Andy Smith
Mine action specialist
Aftermarket armouring

Conventional vehicles like the 4x4 ambulance shown below are not 'mine-protected' by design, but they still offer some protection against small devices.

For example, a PMN (240g TNT) detonation beneath the wheel of any 4x4 will not usually result in injury to an occupant – although the vehicle may go out of control and crash causing injury. Just as the thin bodywork of a conventional car can protect against a small blast, so it may stop or deflect fragmentation from small devices, or from larger devices a long way away. I do not know of any cases where an AP blast mine detonating under a wheel caused a fire, but they may have occurred. So, in general, AP blast mines are not a threat to conventional vehicles - although if they cause a crash, they can be an indirect cause of injury. The real threat to an unprotected vehicle is an AT mine, or a large improvised device. The unprotected vehicle below hit an AT blast mine. It was thrown into the air, severely damaged - and its long-range diesel tanks ruptured and burned. This was a demining ambulance. The occupants were very severely injured.

The materials involved in any blast event are relevant. The weakest point of any standard vehicle is the glass. When struck by fragments it may shatter or simply be penetrated. When struck by sufficient blast it will shatter and each bit of glass will become a sharp edged fragment moving at high speed. Drivers of conventional vehicles often want to buy something that will upgrade their machine enough to make them safe to drive in areas with a landmine threat.

Personal security companies offer a wide range of 'bullet-resistant' conversions for conventional vehicles. Some look very dubious, but others may work against conventional handguns and ordinary ammunition or against a fragmentation mine (as long as the fragment strikes are not concentrated on the glass areas).

NONE work well against significant Blast

If you look back at the design requirements for an MPV you can see why. You cannot take a conventional car and achieve those ends without replacing every part from the wheels up – including the engine which would suddenly need to be more powerful to move the heavy armour around.

Bolt on armour plates

HALO Trust used Landrovers that were protected against blast from small anti-personnel mines by heavy steel units bolted to the chassis as shown here. HALO report that this is effective.

The pictures below show what happens to HALO trust landrovers after driving onto AT mines.

The wheel on the left is the 'spare'.

This is not to say that your vehicle will look like this after hitting a tank mine. The size, depth, condition and precise orientation of the mine relative to the vehicle will have a large effect. As will LUCK. Shown below is another up-armoured HALO Landrover after hitting an AT mine.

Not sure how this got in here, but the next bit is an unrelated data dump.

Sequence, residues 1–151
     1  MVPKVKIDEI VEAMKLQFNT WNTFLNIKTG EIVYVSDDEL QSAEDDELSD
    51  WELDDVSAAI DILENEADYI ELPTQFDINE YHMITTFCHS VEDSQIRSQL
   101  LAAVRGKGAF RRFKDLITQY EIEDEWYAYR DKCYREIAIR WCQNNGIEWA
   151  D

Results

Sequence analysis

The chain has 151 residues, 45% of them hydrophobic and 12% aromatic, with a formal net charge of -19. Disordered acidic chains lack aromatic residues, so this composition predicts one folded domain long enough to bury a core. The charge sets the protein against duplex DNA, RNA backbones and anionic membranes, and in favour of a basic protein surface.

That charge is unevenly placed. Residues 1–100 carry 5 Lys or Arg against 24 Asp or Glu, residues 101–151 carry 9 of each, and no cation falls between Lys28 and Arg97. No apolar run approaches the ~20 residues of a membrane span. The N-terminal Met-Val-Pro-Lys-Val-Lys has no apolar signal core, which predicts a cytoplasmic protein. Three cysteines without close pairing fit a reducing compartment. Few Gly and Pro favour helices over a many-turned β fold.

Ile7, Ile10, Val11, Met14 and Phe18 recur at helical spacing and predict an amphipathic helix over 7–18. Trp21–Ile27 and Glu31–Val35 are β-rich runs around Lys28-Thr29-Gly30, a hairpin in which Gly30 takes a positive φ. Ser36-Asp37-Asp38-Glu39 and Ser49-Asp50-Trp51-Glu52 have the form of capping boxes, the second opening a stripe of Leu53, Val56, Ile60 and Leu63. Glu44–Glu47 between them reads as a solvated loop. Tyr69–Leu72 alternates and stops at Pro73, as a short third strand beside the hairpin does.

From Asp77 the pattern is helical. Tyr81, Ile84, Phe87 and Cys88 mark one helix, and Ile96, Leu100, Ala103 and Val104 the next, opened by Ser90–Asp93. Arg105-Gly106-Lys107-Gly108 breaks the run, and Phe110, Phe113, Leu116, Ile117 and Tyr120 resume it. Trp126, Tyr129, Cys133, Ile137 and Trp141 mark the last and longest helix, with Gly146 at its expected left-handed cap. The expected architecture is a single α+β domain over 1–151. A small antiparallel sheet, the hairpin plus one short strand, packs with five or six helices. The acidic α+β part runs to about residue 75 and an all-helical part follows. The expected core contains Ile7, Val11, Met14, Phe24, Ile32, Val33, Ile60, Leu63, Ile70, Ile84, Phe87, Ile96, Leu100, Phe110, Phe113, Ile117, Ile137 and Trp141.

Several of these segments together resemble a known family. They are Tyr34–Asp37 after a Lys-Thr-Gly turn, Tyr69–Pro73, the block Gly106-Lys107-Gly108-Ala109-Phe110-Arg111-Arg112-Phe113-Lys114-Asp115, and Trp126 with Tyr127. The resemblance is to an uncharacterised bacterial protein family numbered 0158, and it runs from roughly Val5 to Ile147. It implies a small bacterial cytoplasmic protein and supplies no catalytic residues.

The damage is not dissimilar to that of an entirely unprotected Toyota which parked on an AT mine (below). Both drivers survived.

From the available evidence, there is no clear advantage to using HALO’s heavy landrovers, and the case for fitting steel plates under the vehicle is unproven. Common-sense would say that any increase in armouring must be good, but this is not always true. The extra plates may trap blast forces from a large mine, and their weight may make it more likely that the vehicle will detonate the mine. The high cost of providing such incomplete protection (and the additional running costs that result) could be better applied buying a few Genuinely Mine protected Vehicles. HALO spent a long time researching this and I was assured that their latest modifications were effective - until the British army's experience using mine protected landrovers in Afghanistan made their claims just a little incredible.

Blast (ballistic) blankets

Several reputable body-armour manufacturers also offer after-market blankets to put on the floor of conventional vehicles as protection against blast. These are usually made from a ballistic aramid similar to that used in body-protection. The truth is that they are not needed when the threat is an anti-personnel blast mine. The detonation of an AP blast mine under a wheel of a 4x4 in good condition will not normally penetrate the floorpan. When the threat is an AT mine, these blankets do no good at all and may give false confidence to the victims.

Seven people died in this Toyota 4x4 fitted with top-quality ballistic/blast blankets when it hit a conventional AT mine on a road in Angola. If was being used by a medical team – with no knowledge of explosives and armour – who thought the blankets would make them safe. If you look closely you can recognise the steering wheel on the left.

Ballistic blankets fitted to vehicles as aftermarket protection do not work against large blasts. When a vehicle is only driven down a road because those inside believe they are protected, I believe that the providers of the blankets bear some responsibility for any injury or death that occurs.

Just as removing one mine from a minefield may increase the risk to the public (who now think the area is safe so they use it), so providing some protection in a vehicle is NOT always better than providing none. Generally, those who sell aftermarket vehicle armouring are not much worse than any other used car dealer. Those who issue it to their staff and then encourage them to use the vehicle on mined roads are (in my opinion) guilty of gross negligence.

Next: Real Mine Protected Vehicles (MPVs)

Return to Introducing demining.